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Comment: Oh Come On, it's a Press Release (Score 2, Insightful) 35

OK, no real technical data and some absurd claims here.

First all-digital transceiver? No. There have been others. Especially if you allow them to have a DAC and an ADC and no other components in the analog domain, but even without that, there are lots of IoT-class radios with direct-to-digital detectors and digital outputs directly to the antenna. You might have one in your car remote (mine is two-way).

And they have to use patented algorithms? Everybody else can get along with well-known technology old enough that any applicable patents are long expired.

It would be nicer if there was some information about what they are actually doing. If they really have patented it, there's no reason to hold back.

Comment: Re:WTF (Score 1) 110

by MightyYar (#49192049) Attached to: Ultra-Low Power Radio Transceiver Enables Truly Wireless Earbuds

It's the difference between sitting in a car and going for a test-drive.

Don't you mean going for an "audition" in the car?

You really don't see why this sounds pretentious? Probably everyone here has test-driven a car. Even a crappy car costs more than the most expensive headphones. Headphones - little speakers that go on your head. You test them. They can only do one thing, so when you say you tested them, it is unambiguous. "Audition" is some marketer's invention, and your use of it can sound either pretentious or it can make you sound gullible. It's definitely not the appropriate word to use if you aren't looking for odd reactions from people uninfluenced by audiophile marketing.

Comment: Re:How does stingray connect to the wider network? (Score 2) 81

And to do that, they act as a man in the middle, also known as a repeater.

That said, this still doesn't explain how they're registering themselves on the local network. THAT is probably one of the things that's "national security" -- especially as this appears to be that "golden key" that they want for other kinds of encrypted data.

And of course, THAT means that anyone who is operating outside the law can use the exact same techniques to intercept cellular data.

Comment: Re:There might be hope for a decent adaptation (Score 2) 317

by Teancum (#49186947) Attached to: 'The Moon Is a Harsh Mistress' Coming To the Big Screen

The Number of the Beast is a horrible introduction to Heinlein, and is sort of the last in a long line of books about Lazarus Long. It purposely went into a fictional tangent of multiverses where literally anything could happen, and it was written as though it could. It was basically written for the hardcore fans of his other books to tie together multiple characters and wrap up dangling storylines as a capstone book to his entire collection. It would be like watching a TV series final episode that has been running for many years, and you trying to make sense of what was going on when it was the very first episode you ever watched.

No wonder you couldn't figure it out.

Of books I'd recommend, "Have Spacesuit, Will Travel" and "The Man Who Sold the Moon" are much more approachable and don't contain characters from other books (although Harriman does show up in some other books too). "Friday" is one of his more recent books that IMHO is pretty good too, but was written in the "Dirty Old Man" stage of his career none the less.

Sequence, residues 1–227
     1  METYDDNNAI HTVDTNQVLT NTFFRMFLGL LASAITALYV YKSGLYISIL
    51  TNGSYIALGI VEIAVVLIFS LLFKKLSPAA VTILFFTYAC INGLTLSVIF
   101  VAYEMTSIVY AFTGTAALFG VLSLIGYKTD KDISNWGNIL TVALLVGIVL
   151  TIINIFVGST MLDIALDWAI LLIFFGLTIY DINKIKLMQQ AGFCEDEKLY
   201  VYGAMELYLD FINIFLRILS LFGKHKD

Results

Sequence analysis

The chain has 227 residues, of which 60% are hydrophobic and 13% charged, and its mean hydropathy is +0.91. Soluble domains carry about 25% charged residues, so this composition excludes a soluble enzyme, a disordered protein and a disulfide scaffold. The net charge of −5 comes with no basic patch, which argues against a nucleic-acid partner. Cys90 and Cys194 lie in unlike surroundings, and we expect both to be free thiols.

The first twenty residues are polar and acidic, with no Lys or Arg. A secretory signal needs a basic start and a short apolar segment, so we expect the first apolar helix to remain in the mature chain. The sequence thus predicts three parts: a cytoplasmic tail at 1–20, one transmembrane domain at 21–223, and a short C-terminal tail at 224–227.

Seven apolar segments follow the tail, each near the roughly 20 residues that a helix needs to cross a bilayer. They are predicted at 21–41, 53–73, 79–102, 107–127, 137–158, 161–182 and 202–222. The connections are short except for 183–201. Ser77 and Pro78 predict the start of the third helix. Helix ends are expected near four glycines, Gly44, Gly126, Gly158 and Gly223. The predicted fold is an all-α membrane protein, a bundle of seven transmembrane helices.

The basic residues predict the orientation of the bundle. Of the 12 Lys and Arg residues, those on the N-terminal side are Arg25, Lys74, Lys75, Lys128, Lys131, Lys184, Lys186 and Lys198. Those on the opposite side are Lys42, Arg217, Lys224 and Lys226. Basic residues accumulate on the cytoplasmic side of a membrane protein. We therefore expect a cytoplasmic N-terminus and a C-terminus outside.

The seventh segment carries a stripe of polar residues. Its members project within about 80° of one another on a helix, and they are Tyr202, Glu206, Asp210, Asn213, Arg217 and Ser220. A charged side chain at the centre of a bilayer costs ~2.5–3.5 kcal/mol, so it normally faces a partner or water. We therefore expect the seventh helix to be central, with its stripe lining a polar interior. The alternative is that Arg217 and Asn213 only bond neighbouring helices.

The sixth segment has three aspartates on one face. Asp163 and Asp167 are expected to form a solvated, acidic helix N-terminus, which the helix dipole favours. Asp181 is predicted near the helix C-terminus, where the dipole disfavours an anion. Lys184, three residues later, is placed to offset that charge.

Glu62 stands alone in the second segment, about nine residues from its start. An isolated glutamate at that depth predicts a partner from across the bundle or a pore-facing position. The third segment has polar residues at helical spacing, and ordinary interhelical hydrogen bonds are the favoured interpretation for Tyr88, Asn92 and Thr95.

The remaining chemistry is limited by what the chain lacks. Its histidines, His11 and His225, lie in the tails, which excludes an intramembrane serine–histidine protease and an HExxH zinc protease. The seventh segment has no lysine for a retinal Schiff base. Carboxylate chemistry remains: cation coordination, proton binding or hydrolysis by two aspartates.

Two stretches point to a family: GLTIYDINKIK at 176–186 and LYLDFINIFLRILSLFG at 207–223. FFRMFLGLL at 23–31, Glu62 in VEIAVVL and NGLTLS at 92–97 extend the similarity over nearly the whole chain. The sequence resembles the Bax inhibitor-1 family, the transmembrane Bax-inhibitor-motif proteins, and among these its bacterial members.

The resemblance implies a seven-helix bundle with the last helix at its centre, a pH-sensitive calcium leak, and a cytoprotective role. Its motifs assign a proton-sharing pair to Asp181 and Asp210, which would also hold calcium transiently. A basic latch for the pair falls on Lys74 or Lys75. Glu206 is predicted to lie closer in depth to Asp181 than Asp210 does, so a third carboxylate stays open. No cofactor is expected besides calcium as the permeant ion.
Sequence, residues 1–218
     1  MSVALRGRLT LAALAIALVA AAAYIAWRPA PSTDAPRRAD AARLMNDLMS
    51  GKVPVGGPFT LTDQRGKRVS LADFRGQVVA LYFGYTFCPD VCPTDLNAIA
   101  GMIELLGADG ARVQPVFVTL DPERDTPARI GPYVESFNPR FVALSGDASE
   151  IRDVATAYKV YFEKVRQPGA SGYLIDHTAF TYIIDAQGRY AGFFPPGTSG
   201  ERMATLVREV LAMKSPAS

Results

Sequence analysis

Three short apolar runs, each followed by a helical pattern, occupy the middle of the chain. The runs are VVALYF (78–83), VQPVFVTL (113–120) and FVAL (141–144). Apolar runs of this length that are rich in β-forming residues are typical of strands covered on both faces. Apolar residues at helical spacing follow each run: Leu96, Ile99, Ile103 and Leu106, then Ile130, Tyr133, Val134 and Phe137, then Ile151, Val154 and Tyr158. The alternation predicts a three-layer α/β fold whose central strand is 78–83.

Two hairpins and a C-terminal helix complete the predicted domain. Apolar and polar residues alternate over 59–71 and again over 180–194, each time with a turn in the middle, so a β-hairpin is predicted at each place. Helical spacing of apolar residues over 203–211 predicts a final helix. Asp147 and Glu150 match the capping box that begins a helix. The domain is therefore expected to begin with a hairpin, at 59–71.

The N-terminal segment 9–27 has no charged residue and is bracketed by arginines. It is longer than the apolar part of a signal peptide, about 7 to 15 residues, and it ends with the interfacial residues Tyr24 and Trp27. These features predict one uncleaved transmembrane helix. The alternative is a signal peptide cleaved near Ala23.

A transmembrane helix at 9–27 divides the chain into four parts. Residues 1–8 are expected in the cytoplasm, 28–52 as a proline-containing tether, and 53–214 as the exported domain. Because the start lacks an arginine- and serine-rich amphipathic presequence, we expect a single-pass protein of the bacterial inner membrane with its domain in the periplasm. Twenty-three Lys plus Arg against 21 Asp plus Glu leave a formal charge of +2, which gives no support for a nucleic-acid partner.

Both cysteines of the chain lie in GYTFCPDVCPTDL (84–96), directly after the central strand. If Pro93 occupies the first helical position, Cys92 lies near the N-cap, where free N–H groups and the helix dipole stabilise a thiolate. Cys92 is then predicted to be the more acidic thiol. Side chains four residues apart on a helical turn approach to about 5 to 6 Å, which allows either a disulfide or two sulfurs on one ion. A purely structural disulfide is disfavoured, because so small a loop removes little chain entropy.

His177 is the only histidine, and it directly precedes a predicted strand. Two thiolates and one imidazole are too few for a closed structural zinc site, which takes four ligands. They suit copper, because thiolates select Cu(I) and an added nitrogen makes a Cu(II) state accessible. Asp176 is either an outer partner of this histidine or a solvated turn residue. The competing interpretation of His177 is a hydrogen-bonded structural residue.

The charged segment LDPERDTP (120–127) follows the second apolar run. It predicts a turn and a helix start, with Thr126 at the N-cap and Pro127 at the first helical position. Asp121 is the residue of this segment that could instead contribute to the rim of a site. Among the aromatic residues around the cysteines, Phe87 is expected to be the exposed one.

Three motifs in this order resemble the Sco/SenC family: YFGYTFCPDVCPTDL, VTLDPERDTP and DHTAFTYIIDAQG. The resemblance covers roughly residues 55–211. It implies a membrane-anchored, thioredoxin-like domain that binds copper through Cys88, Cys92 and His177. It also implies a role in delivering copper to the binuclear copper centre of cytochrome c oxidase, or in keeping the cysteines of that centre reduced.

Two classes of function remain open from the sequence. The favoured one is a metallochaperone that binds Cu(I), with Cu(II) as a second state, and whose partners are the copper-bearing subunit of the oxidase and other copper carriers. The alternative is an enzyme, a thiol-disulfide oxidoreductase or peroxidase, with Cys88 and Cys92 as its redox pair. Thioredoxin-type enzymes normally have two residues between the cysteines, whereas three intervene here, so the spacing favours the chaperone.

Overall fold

If you absolutely don't want to take on Heinlein or feel like not reading any other books of his, I'd then suggest reading some Isaac Asimov... especially the Foundation Series. Unfortunately those stories do need to be read in order though.

Comment: Re: There might be hope for a decent adaptation (Score 2) 317

by Teancum (#49186861) Attached to: 'The Moon Is a Harsh Mistress' Coming To the Big Screen

All of that meant that he completely missed the story in the book itself. It would be like telling the story of the Lord of the Rings from the viewpoint of Sauron and making it very sympathetic to his viewpoint too, portraying Gandalf as a stupid idiot sent to torment him. I could use other examples, but at least Peter Jackson was a fan of the Tolkein books. Verhoeven hated the political philosophies of Heinlein and didn't even really bother trying to finish the book itself before finishing the screenplay.

The point here is that "The Moon is a Harsh Mistress" is likely to become the same kind of crap that misses what it could become if it was made by a genuine fan of the author and book. The adaptation, while perhaps a bit funny, misses some of the key undertones of the book and what actually sets it apart from an ordinary story.

I only hope that a real Heinlein fan will eventually do his books justice. The only film that has done his stories justice is "Destination: Moon", and that is partly because Heinlein himself was on set for much of the film shoot as a technical adviser.

Comment: Re:I'll be rich! (Score 1) 61

by Teancum (#49186815) Attached to: SpaceX's Challenge Against Blue Origins' Patent Fails To Take Off

In fairness to Blue Origin, the "Do X" happens to be "Make a rocket launch, rise up to a substantial height, and bring the rocket safely back to the Earth in one piece".